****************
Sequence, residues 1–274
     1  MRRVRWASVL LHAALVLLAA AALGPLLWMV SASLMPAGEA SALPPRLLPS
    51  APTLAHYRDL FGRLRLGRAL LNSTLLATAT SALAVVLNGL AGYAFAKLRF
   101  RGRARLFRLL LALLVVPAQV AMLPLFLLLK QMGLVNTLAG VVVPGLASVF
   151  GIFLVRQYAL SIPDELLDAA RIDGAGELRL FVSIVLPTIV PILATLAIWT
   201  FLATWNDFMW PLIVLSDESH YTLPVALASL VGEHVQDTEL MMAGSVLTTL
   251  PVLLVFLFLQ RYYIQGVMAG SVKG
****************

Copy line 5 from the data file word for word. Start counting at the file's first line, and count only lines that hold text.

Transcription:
   151  GIFLVRQYAL SIPDELLDAA RIDGAGELRL FVSIVLPTIV PILATLAIWT